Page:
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Security / TSA

Security at Will Rogers World Airport means keeping travelers safe

Security at Will Rogers World Airport means keeping travelers safe.  We work together with the Transportation Security Administration (TSA) to provide the best air travel security possible.
  
Knowing security regulations before you leave home can speed your trip through airport passenger screening. The TSA encourages travelers to “know before you go.”  For information about the latest security guidelines, questions about baggage screening, lists of items allowed or prohibited in baggage, visit the Transportation Security Administration's website.
            
The TSA is responsible for screening every passenger who flies and every bag that boards a plane.  Will Rogers World Airport has two passenger screening checkpoints located on either end of the ticket lobby.            

  • All passengers must pass through one of these screening checkpoints before they can proceed to airline departure gates 
  • At passenger screening locations, TSA security officers will process you and your carry-on bag
  • To proceed through screening, you will need a current government-issued ID and a valid boarding pass for a flight


Prepare for screening:

  • Learn what you can take in a carry-on bag
  • Have liquids and gels in containers of three ounces or less, and have the containers in  a one, quart-sized, zip-top plastic bag
  • Remove the plastic bag from your carry-on bag and put it in a screening bin
  • Remove all objects from your pockets, including non-metal objects like a wallet or a pack of gum.  Place all valuables or small items in your carry-on bag.  This helps keep track of the location of your items.
  • Put laptop computers in a screening bin
  • Remove shoes, jackets and belts and put them in screening bins 

 

Advanced Imaging Technology (AIT):

Proven to be a highly effective means of detecting dangerous items such as weapons and explosives, the TSA has installed several Advanced Imaging Technology (AIT) machines at Will Rogers World Airport.  The machines are called millimeter wave and use harmless electromagnetic waves to detect items that could be a threat (the energy projected is thousands of times less a cell phone transmission!)  These machines do not display specific images of a passenger’s body, only a generic outline that is the same for everyone.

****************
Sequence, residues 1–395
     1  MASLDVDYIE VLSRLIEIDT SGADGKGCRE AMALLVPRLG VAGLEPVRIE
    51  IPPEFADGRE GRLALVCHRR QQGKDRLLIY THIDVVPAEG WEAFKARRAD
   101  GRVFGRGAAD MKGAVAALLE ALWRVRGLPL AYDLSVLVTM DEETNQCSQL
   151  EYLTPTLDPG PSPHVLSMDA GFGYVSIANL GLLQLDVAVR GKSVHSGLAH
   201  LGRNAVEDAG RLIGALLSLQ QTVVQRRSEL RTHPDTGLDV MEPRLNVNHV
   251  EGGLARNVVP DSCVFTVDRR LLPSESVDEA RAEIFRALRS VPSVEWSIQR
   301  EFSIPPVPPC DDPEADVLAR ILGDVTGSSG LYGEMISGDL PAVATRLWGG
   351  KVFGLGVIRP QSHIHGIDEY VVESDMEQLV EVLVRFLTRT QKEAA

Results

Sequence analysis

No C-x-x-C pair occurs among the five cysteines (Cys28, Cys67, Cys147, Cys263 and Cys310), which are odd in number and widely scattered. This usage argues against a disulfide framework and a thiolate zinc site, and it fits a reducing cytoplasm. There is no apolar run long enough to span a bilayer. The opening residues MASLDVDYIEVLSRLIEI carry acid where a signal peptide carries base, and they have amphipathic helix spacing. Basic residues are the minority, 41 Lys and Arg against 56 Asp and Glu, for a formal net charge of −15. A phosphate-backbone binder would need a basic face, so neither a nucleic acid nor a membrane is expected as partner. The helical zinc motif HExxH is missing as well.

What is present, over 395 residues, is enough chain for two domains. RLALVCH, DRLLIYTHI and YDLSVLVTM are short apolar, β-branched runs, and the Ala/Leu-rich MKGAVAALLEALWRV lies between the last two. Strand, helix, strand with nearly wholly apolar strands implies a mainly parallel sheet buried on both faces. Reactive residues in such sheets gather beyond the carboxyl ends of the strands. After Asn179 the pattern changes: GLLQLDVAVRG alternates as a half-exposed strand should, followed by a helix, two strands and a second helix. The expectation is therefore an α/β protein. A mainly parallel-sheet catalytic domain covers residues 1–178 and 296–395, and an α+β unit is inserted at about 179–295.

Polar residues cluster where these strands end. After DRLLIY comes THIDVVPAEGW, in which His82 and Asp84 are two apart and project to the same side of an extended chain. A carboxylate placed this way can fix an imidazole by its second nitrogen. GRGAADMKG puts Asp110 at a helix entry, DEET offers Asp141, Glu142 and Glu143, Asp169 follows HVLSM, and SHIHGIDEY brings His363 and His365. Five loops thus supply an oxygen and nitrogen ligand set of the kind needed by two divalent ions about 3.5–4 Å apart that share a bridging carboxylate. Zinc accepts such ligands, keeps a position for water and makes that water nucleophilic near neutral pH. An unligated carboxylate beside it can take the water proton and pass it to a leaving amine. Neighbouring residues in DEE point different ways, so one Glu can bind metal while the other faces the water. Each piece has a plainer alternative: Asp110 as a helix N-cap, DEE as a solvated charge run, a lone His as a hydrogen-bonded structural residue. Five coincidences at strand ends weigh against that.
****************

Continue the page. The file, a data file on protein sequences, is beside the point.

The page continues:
The millimeter wave technology meets all known national and international health and safety standards.    The screening is safe for all passengers, including children, pregnant women, and individuals with medical implants.  AIT screening is optional; however, if a passenger chooses not to use the machine, they will receive alternative screening, including a physical pat-down.

What to expect
The procedure for using the AIT is simple: a passenger steps into the imaging portal, stands in position for a few seconds while the machine creates an image, then steps out.  Should the machine detect an item concealed under a passenger’s clothing, the machine generates a generic image, similar to a gingerbread man, with a box around the area of concern.  At that point, a TSA officer determines if additional screening is needed.   If the machine detects no anomalies, a green box with the words “OK” appears on the screen.  The entire process is conducted in the presence of the passenger.

There are presently about 600 AIT machines deployed at 140 airports across the country.  More information can be found on the TSA website.

Remember, whether you are arriving or departing from Will Rogers World Airport, all baggage and vehicles are subject to search at any time.
           
Do not leave bags unattended. Unattended bags will be confiscated and may be destroyed. If you notice an unattended item or suspicious activity, immediately report it to airport personnel.

For more information, visit the Transportation Security Administration Web site